This year’s OPN Masterclass at Iowa State University — Graphic Anatomy of the Modern Epic: Case Study of Farming Iowa — was an intensive, four-day drawing workshop led by Yoshiharu Tsukamoto, Principal of Tokyo-based architecture firm Atelier Bow-Wow. The annual event sponsored by OPN Architects, brings globally recognized figures within the architecture field to hold a small workshop with Iowa State architecture students. Held at the Ames campus from March 4 to 7, Tsukamoto led an in-depth analysis of the Iowa environment and the factors and forces that have shaped and reshaped it over time. By the end of the masterclass, 37 Iowa State University undergraduate and graduate students had spent four days considering the long-term effects of architecture and culture on the natural environment — introspection that is particularly important for young architects beginning their careers as climate change looms.
Never having visited Iowa before, Yoshi spent two days prior to the workshop touring Iowa farmlands, downtown Des Moines, and the Des Moines Art Center to familiarize himself with the landscape that would be the focus of the four-day workshop. Students were encouraged to use maps, research papers, drawings, and paintings that related to the Iowa landscape as a basis and reference for their projects. The aim of each group was to draw a 6.5 x 3 ft scene that featured the Iowan landscape while highlighting a factor that played a role in the shaping of that landscape.
The first day was spent planning and researching. Days two and three were dedicated to drawing and mapping, often times elbow to elbow.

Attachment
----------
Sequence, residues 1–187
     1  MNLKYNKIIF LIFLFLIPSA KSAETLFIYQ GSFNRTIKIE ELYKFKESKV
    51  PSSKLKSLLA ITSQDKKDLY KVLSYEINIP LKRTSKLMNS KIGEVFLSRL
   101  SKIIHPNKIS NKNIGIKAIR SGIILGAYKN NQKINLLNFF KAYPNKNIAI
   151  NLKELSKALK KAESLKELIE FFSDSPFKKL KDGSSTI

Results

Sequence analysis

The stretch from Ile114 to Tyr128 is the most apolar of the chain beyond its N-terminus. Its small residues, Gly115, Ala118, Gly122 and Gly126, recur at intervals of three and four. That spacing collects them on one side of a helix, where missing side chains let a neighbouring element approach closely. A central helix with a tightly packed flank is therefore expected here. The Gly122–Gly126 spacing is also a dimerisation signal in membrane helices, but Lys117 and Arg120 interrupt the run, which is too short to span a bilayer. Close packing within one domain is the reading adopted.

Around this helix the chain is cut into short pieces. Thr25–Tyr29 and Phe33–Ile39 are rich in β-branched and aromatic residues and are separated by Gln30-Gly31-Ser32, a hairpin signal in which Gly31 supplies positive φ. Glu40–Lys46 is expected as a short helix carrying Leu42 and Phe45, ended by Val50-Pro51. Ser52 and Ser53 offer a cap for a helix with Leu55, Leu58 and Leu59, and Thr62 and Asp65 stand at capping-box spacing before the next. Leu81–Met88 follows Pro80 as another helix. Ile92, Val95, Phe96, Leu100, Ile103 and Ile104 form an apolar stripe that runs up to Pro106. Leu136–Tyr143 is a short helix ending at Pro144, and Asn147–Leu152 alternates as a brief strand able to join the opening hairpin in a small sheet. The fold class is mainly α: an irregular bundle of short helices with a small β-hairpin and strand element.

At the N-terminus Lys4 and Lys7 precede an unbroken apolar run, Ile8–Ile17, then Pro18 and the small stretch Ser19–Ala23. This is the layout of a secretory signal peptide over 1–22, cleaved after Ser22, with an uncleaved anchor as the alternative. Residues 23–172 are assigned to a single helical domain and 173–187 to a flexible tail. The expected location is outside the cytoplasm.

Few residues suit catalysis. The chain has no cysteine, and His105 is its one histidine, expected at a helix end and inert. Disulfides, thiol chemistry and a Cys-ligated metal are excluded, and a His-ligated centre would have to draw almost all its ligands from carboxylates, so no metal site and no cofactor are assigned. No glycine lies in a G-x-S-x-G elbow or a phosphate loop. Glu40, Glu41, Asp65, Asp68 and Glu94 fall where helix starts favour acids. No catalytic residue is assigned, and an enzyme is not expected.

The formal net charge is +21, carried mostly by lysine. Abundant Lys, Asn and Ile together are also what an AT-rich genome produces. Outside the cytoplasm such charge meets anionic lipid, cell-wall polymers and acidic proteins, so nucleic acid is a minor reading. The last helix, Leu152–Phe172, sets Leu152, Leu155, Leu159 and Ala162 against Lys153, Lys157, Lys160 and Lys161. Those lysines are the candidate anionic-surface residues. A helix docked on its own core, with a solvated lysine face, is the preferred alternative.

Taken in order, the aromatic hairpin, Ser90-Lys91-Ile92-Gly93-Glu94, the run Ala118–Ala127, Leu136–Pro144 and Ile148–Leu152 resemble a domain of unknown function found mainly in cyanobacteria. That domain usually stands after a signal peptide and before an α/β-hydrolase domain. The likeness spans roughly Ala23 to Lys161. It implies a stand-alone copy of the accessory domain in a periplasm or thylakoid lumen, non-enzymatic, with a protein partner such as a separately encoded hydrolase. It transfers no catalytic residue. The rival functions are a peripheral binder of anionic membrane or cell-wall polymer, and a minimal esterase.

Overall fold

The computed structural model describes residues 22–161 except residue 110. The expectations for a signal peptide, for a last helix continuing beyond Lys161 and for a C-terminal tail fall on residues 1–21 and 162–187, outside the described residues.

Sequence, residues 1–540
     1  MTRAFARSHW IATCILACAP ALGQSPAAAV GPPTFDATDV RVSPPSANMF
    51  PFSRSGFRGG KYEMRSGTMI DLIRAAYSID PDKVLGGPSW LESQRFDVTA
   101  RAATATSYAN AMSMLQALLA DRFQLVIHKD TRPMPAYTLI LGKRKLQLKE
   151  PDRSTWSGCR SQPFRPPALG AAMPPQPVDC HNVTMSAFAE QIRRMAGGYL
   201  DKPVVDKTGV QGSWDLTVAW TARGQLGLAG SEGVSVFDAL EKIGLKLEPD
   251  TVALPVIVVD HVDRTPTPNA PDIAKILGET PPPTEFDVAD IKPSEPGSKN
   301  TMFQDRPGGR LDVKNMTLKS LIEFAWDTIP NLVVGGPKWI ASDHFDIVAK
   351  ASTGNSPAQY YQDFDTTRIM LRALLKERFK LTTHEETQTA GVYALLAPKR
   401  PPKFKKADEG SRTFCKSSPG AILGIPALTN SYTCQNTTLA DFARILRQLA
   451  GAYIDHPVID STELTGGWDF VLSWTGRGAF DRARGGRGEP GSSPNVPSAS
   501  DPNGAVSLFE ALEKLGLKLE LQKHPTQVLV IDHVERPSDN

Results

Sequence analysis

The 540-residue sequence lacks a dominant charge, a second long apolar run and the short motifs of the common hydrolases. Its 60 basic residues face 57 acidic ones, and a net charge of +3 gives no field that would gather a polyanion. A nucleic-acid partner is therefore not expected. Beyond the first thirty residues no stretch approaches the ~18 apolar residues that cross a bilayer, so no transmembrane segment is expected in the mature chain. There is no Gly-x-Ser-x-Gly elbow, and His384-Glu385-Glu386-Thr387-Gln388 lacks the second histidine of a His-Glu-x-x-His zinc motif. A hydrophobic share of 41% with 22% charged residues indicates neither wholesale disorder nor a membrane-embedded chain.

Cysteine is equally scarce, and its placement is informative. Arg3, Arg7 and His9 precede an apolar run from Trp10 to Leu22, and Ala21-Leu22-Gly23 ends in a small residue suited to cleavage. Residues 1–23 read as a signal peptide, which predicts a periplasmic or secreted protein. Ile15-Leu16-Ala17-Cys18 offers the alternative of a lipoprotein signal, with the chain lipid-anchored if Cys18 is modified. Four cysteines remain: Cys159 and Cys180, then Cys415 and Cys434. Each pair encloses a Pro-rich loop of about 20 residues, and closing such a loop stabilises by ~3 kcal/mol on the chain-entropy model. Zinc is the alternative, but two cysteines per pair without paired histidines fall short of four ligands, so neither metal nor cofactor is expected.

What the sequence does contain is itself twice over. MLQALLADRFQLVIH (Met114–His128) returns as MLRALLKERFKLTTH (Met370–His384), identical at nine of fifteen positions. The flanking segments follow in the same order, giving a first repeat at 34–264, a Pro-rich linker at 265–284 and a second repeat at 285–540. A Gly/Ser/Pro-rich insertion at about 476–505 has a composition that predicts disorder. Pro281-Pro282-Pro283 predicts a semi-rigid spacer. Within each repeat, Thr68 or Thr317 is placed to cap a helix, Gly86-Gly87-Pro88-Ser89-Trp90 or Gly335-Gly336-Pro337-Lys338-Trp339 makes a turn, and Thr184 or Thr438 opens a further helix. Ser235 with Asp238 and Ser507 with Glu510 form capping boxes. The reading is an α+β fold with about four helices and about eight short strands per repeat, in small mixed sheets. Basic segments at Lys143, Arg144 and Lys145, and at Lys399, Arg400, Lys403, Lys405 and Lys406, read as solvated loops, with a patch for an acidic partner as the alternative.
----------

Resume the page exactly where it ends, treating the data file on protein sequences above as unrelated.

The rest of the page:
“Because the paper was so large there was always a negotiation of placement where each of us could draw. But in that, it was very unique experience because you’re collaborating so closely with all different levels of students.” said graduate student Wade Vollink.
By the fourth day the students were ready to present. The drawings were placed on easels and positioned directly in front of the Iowa-centered research papers and photos that inspired each piece.
Projects were varied. One focused on the pork industry and what kind of infrastructure it requires as well as environmental toll it takes. Another investigated the idea of how historically curvy rivers can eventually become straight over time because of the man-made influences of the surrounding landscape.
Tsukamoto co-founded, Tokyo based, Atelier Bow-Wow together with partner Momoyo Kaijima. The firm has built over 25 houses, public museums, and commercial buildings. While the majority of this work can be found in Tokyo, you can find the firm’s work in Denmark, France, and the United States. The firm’s research studies have contributed to “micro-public-space,” a concept of public space, which has been exhibited across the world at events such as Biennales in Sao Paolo, Venice, Istanbul, and Liverpool.